Anonymous writes in a comment to my recent post on The Hardline's Dilemma:
"One of the earlier posters alluded to 'the greatness of Mike'. This is what I don't get--why so reverent toward this guy? Obviously, his founding of the station along with his market tenure has earned him a certain amount of veneration, but he sometimes rarely speaks, and when he does, it usually isn't pearls. I've only been listening about two years, so maybe there was a day he used to be great. Greggo certainly isn't great either, so I sometimes wonder how their show was ever entertaining. Isn't it clear to everyone, irrespective of your feelings toward him, Corby is the de facto host? Please, someone tell me, what makes Mike so great? I really do want to know."
Agree, Little Weak Jeremy, and thanks. Thanks also for the reminder of the most sublime moment in DFW radio history, Green Tail Shiner.
I understand Anonymous's perplexity, to a degree. Persons listening over the past couple of years could easily have come to the conclusion from time to time that The Hardline had turned into The Corby Davidson Extravaganza. The earliest articles on this website griped consistently that The Hardline had developed a serious lack of balance -- as talented as Corby is (my opinion), the weight of participation of the principles had fallen noticeably and adversely out of whack. This imbalance comes and goes -- right now, I actually think Mike has made something of a comeback and Corby has dialed back a bit, with the whole precarious platter of unwashed plates being steadied by the increased participation and, dare I say, leadership of Danny B. But yes, there have been times in the last few years when one might well wonder why Mike is such a celebrated figure in DFW radio.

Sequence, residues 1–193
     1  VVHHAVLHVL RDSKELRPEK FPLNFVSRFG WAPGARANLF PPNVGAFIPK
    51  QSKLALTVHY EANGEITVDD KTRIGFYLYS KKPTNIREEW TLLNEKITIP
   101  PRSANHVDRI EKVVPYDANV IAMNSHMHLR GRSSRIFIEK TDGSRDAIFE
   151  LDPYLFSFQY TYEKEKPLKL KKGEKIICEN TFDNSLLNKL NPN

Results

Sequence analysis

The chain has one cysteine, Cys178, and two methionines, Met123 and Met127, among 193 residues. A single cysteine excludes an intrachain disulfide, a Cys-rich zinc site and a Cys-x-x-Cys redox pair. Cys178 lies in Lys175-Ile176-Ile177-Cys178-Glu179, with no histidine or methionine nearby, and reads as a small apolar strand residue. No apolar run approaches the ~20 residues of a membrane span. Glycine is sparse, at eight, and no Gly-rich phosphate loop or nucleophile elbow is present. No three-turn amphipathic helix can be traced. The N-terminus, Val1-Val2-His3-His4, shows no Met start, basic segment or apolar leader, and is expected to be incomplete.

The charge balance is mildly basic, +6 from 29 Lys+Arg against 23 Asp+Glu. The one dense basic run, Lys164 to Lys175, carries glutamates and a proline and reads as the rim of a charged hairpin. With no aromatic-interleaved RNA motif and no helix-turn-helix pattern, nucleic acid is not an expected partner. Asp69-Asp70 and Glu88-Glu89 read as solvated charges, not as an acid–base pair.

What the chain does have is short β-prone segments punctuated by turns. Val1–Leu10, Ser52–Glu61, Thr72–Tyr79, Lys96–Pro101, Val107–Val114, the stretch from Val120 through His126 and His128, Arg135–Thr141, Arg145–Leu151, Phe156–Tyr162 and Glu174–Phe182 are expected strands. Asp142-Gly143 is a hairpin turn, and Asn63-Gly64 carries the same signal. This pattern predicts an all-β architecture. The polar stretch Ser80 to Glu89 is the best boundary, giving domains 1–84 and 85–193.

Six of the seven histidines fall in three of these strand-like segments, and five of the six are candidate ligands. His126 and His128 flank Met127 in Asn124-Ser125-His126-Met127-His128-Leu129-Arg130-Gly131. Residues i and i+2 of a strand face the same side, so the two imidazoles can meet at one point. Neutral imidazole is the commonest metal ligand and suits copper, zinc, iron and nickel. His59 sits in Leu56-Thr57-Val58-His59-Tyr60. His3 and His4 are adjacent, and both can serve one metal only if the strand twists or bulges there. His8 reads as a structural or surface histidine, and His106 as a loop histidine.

Having said that, to get back to Anonymous's question: I think Mike Rhyner is a broadcast genius, quite aside from his founding of The Ticket. He is the rock upon which DFW sports radio is built. Asking "what's so great about Mike Rhyner," which is a perfectly sound question, is kind of like asking "what was so great about Walter Cronkite?" After all, the guy just read the news. He might have had a minor editing function, but in the years in which he became famous he was basically a guy who sat in front of a camera and read stuff that other people wrote. And yet, he was an utterly compelling broadcast presence, the most trusted man in America.
Mike is like that. LWJeremy has identified a lot of it -- the man has a sound, an authentic Texas sound. It's just flat likable. Despite his curmudgeonly pose, his essential goodwill and humanity can be felt through the speakers. And he's smart as hell. And, yes, there's the don't-give-a-damn attitude that is very distinctive -- as opposed to media figures who claim to offer I-don't-care-what-other-people-think viewpoints but who are obvious poseurs without conviction, Mike truly does not care what happens to him -- no, he's not immune from getting his ass fired, but his ass truly could not care less and truly knows that he's got the Cumulo-Ticket Overlords by their nine-kilowatt balls.
And I suppose it goes without saying at this point that The Hardline was always about Mike. I remember the days of The Great Divorce. I couldn't believe the drivel I read about how Greggo was going to kick The Hardline's ass when he rose again, and how The Hardline would sink without him. That was crap from the instant Greggo missed his last show-start, and the increasing popularity of The Hardline since then should have long since proved it. Corby deserves some credit, as do Danny and Grubes, but this is much, much, more about the enduring appeal of Show-Biz Mike.
The man simply knows how to entertain.
Mike has his detractors -- I'm sure we're about to hear from some of them -- and, of course, no one is immune from criticism. But for my money, I'd rather hear that leisurely growl greeting me on my drive home than almost anything else I can think of.
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